Longtime readers will know I’ve been very involved with the GigaPan project for a couple of years now. I’ve been a Fine Science Fellow since the beginning of my involvement with GigaPanning in the Fall of 2007, and I’ve previously helped to train new Fine Science Fellows on the GigaPan at workshops at in Estes Park, CO (May 2008) and Pittsburgh, PA (May 2009). A bit over a month ago I had the opportunity to serve as a workshop co-chair for the first Fine International Conference on Gigapixel Imaging for Science, also held in Pittsburgh. Since returning I’ve been a bit too wrapped up in teaching to blog about it, but grades were submitted at noon today, so I’m finally free to catch up on some of the blogging that I’ve been putting off for far too long.
I won’t burden you with a full rundown of the conference, but if you’re interested you can find more information at the full conference website or perhaps you’d prefer to peruse the abstracts of the submitted papers. In addition to co-chairing the workshops with fellow Fine Fellow Richard Palmer, I presented or co-presented two formal workshops and one informal one. I’m embedding below the YouTube video of my workshop entitled “GigaPanning Geology” below. You can also see what I had to say about creating Anaglyph (3D) GigaPans on another YouTube video. And there are even more conference videos here.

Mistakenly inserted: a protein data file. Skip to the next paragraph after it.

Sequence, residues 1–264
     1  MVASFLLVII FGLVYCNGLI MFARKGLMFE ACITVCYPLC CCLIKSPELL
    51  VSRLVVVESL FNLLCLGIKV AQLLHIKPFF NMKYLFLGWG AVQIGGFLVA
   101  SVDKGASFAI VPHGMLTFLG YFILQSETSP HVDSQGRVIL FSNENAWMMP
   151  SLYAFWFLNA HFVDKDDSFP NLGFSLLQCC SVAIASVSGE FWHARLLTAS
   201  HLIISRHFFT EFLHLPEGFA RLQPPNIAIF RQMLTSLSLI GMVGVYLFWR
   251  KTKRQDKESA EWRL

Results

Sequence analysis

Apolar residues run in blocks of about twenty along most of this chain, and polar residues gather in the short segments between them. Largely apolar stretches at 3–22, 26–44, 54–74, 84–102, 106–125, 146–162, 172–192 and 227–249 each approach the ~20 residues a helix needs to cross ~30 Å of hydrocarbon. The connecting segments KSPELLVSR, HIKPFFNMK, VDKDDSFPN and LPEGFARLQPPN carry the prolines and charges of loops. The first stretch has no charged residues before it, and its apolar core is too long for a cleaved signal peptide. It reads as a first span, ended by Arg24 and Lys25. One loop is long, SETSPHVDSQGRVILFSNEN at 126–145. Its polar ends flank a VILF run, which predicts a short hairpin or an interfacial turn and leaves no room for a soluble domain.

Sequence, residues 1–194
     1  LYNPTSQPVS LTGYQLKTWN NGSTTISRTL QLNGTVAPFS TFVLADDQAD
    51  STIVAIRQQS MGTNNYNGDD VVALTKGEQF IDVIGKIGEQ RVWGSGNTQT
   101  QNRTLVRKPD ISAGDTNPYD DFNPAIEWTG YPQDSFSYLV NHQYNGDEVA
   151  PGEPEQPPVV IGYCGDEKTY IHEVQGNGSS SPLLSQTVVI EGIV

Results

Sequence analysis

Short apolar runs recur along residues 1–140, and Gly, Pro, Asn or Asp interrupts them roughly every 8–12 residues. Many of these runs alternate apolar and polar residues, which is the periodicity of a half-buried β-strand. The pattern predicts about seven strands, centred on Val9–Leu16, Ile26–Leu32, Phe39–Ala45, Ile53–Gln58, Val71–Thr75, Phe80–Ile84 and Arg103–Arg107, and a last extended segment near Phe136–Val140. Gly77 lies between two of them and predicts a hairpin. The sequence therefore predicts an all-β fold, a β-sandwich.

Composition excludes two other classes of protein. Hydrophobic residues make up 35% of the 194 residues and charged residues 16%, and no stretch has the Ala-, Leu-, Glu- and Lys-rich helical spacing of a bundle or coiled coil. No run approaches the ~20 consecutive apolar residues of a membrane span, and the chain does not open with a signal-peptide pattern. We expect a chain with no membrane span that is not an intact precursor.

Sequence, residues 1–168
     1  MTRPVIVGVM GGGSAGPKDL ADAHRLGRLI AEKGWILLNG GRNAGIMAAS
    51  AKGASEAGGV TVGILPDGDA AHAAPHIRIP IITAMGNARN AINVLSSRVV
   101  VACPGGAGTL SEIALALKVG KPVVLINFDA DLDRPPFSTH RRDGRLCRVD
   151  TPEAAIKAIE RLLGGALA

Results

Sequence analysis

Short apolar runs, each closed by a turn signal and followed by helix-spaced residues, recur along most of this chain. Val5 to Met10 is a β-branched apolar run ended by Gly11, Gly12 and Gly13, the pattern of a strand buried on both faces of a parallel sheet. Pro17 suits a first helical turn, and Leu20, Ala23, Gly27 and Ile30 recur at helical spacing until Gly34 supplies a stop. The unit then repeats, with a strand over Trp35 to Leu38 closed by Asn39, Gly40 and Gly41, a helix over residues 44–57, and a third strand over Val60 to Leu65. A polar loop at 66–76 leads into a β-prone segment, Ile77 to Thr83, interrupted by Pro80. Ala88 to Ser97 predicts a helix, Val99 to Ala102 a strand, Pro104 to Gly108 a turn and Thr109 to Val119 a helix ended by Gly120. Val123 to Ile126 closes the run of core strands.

One of the great things about this conference for me was the number of new geologists who are getting involved in GigaPanning. Callan Bentley, who blogs at Mountain Beltway, attended this conference as a brand new Fine Science Fellow, meaning he got a brand new GigaPan robot just a day before the conference. You can find Callan’s GigaPans here. John Van Hoesen, who blogs at Geologic Musings in the Taconic Mountains, already owned his own GigaPan and has been using it for a couple of months. You can see John’s GigaPans here. Finally, Laura Guertin didn’t own a GigaPan at the time (she does now) but she was interested in seeing how she might use one for geology. The four of us got together during a break between talks to record a brief (13 minute) podcast about what we all hoped to do to apply GigaPan technology to geology. Have a listen!
This is by no means the last you’ll hear from me about GigaPanning Geology. It’s going to come up again in short order at the upcoming GSA Penrose Conference “Google Earth: Visualizing the Possibilities for Geoscience Education and Research”. But for now I’ll leave you with a GigaPan of Pittsburgh, PA from Mount Washington that I shot while at the Conference. If you’ve got red/blue anaglyph glasses you can also see this one in 3D!
Pittsburgh, PA from Mount Washington
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